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John McLendon was born on this date in 1915. He was a Black basketball coach at the high school, AAU, college, and professional levels.
From Hiawatha, Kansas, McLendon's engaging personality made him a popular basketball figure for over 60 years. His extraordinary knowledge of basketball history made him one of the game's leading ambassadors. But, it is his coaching resume that makes many in the profession envious. He learned basketball from Dr. James Naismith as an undergraduate at Kansas. McLendon is the first coach in history to win three consecutive national titles.
McLendon earned this honor by guiding Tennessee State to the 1957, 1958, and 1959 NAIA national championships. His teams featured superior conditioning, a patented fast-break offense, and an aggressive, in-your-face defensive attitude. McLendon championed heightened awareness of basketball at all-Black colleges and helped initiate an era of integrated basketball. McLendon's well-rounded coaching background included collegiate, AAU, and professional positions.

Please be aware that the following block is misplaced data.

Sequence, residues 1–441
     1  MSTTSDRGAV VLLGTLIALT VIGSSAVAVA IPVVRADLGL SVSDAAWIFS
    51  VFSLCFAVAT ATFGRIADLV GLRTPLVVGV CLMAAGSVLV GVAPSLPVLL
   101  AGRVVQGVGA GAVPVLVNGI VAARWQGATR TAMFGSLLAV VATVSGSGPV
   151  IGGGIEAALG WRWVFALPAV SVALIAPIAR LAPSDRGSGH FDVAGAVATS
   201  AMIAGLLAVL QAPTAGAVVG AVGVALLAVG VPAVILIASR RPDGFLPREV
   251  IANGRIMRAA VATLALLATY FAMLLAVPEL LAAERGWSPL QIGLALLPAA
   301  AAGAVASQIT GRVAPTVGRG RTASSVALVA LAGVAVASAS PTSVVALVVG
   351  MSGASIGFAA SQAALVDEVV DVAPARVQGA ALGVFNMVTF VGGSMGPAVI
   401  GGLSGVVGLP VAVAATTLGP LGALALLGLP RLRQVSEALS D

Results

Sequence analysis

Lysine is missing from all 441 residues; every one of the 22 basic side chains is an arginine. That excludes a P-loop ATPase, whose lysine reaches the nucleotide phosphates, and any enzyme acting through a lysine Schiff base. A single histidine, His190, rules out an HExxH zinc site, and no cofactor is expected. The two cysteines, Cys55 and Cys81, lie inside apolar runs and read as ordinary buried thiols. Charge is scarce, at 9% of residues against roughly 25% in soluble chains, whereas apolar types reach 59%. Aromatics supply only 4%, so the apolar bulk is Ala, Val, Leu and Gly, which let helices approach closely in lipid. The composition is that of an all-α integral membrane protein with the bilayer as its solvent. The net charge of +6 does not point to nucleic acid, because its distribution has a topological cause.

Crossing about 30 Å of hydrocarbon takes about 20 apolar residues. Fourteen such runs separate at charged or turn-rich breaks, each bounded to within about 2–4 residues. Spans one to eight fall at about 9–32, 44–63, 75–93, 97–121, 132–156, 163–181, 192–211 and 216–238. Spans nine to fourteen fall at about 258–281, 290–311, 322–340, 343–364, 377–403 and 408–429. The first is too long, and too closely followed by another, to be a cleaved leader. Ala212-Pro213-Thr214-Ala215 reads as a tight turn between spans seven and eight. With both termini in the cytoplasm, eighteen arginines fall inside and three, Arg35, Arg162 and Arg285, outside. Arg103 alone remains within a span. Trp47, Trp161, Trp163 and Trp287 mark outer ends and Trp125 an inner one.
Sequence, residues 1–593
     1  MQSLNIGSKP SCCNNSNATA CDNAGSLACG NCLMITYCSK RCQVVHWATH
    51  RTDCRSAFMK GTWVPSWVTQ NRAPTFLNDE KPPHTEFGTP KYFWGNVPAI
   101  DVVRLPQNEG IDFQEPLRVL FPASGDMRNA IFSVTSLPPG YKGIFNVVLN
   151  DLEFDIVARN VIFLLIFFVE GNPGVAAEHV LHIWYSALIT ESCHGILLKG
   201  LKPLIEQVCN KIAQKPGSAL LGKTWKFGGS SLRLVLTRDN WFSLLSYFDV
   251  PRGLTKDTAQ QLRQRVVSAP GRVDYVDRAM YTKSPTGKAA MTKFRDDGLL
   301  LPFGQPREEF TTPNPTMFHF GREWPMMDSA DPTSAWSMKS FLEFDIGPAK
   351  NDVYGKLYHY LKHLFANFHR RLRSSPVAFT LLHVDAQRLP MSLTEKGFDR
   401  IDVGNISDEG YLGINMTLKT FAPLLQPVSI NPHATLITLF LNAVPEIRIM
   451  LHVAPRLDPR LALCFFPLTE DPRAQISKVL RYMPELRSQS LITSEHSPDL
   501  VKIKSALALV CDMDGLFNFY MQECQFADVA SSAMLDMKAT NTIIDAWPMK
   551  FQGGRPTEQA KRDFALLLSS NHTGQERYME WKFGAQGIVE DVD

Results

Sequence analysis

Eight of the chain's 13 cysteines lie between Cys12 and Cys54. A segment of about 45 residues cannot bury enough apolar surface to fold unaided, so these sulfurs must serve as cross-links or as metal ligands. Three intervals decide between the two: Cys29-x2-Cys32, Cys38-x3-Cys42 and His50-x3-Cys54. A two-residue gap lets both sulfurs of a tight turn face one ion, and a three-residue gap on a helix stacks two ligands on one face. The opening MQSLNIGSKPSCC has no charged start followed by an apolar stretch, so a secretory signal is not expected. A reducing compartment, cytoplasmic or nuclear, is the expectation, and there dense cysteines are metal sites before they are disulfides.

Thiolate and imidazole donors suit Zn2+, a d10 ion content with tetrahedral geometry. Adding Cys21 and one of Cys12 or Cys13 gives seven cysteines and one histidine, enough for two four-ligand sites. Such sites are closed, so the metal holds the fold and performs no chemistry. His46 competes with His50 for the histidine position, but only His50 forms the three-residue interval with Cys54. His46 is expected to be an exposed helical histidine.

He coached North Carolina College, Hampton Institute, Tennessee State, Kentucky State, and Cleveland State, along with the Cleveland Pipers (NIB-ABL) and the Denver Rockets (ABA). His teams won a combined 523 games, and McLendon compiled a 76 percent winning mark over his 25-year career. Named the 1958 NAIA Coach of the Year, McLendon coached teams that won eight CIAA titles between 1941 and 1952, the NIBL and AAU championships in 1961, and the ABL Eastern Division crown in 1962. McLendon, who has traveled the world promoting basketball, wrote two books, Fast Break Basketball and The Fast Break Game. McLendon, a member of the NAIA Hall of Fame, has also been enshrined in the Helms Hall of Fame and the CIAA Hall of Fame.
In 1992, the basketball arena at Cleveland State was named in McLendon's honor. He died on October 8, 1999.
The Encyclopedia Britannica, Fifteenth Edition.
Copyright 1996 Encyclopedia Britannica Inc.